1. It sets you apart.
When Michelle Obama’s book came out, every bookstore’s website or Facebook page I visited had it plastered front and centre. More recently the same thing happened with Margaret Atwood’s The Testaments. Your store is selling these extremely popular books? Great! So is literally every other store. I’m not saying don’t offer the guaranteed sellers, but what does your store have that others don’t? How about a specially curated section of indie works? If customers are going to go to the trouble of actually visiting a shop, you need to offer something new and interesting and different. Worried indies won’t sell? An informed and engaging staff or a little extra promo can make all the difference.
2. It’s a new revenue stream.
While books may not be anything new for bookstores, indie books and authors are. These are books most customers may not have heard of, simply because the promotion isn’t there for indies. Don’t underestimate the power of introducing something new to customers, or the appeal of an underdog/unconventional author.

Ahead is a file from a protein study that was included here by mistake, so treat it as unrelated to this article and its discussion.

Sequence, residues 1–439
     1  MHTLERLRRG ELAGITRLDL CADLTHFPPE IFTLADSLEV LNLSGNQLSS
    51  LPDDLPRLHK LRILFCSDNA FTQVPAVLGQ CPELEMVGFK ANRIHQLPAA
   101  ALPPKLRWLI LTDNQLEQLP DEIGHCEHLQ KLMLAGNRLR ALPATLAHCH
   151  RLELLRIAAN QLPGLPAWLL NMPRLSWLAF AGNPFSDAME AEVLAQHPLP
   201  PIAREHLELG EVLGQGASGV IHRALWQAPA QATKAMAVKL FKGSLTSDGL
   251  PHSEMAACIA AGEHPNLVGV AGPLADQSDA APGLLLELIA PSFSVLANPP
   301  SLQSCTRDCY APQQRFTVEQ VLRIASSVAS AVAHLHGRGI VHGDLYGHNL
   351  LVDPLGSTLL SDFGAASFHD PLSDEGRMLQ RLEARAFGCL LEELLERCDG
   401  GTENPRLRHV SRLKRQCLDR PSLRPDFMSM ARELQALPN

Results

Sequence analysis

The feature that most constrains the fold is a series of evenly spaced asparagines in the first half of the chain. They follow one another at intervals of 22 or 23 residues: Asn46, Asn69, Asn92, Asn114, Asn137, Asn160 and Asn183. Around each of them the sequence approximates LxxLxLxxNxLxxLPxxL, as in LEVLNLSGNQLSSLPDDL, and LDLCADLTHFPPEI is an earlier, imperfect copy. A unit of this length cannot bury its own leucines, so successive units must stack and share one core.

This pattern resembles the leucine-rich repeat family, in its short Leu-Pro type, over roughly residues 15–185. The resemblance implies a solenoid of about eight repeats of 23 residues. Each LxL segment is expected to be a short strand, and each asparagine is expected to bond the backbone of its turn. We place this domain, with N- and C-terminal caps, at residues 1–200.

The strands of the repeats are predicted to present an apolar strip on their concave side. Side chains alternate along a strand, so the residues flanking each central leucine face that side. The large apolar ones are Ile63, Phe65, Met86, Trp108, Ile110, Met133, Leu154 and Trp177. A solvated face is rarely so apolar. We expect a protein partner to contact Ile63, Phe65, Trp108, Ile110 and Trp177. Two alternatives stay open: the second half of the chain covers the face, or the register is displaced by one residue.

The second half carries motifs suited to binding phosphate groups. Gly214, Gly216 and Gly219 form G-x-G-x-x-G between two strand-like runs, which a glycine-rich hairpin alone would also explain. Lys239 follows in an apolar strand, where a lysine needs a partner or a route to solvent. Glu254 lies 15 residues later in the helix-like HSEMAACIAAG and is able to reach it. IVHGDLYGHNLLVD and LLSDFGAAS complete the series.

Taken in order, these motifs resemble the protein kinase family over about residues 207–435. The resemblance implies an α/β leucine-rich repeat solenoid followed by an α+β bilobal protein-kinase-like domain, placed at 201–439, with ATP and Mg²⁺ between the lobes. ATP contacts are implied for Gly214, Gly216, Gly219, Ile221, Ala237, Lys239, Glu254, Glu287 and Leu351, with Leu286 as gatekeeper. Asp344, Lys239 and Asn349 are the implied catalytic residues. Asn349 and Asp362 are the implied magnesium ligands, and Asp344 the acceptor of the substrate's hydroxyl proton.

3. It helps you be truly local.
Does a famous author live or work in your store’s neighbourhood? No? Chances are an indie author does. Why not connect with your community by supporting the authors in it? Your customers would probably love to know about the talent living down the street. Local authors also provide great opportunities for in-store events and signings.
4. It creates diversity.
The truth is traditional publishing is not known for its openness to diversity. It’s getting better, but the focus still tends to be rather narrow. Many indie authors eschew traditional publishing for that very reason. By supporting indie you’re contributing to much-needed diversity in literature– something customers, especially younger customers, appreciate.
5. You could discover the next great read.
Excluding an entire category of books from your store ensures that not only are you missing out on something fantastic, but so are your customers. It’s impossible to predict what will strike just the right nerve with readers, but the more books your customers can access, the more chances for one to take off. Imagine the bragging rights (and marketing opportunities) when you can say “we loved this author first.”